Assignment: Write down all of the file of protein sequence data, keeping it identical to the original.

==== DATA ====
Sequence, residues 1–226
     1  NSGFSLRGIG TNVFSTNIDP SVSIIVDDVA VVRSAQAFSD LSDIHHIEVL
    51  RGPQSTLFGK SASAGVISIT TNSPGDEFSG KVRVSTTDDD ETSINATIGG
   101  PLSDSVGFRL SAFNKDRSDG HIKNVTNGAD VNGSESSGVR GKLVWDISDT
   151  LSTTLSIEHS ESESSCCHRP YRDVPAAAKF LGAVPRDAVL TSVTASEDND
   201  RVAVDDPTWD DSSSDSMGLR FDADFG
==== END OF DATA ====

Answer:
Sequence, residues 1–226
     1  NSGFSLRGIG TNVFSTNIDP SVSIIVDDVA VVRSAQAFSD LSDIHHIEVL
    51  RGPQSTLFGK SASAGVISIT TNSPGDEFSG KVRVSTTDDD ETSINATIGG
   101  PLSDSVGFRL SAFNKDRSDG HIKNVTNGAD VNGSESSGVR GKLVWDISDT
   151  LSTTLSIEHS ESESSCCHRP YRDVPAAAKF LGAVPRDAVL TSVTASEDND
   201  RVAVDDPTWD DSSSDSMGLR FDADFG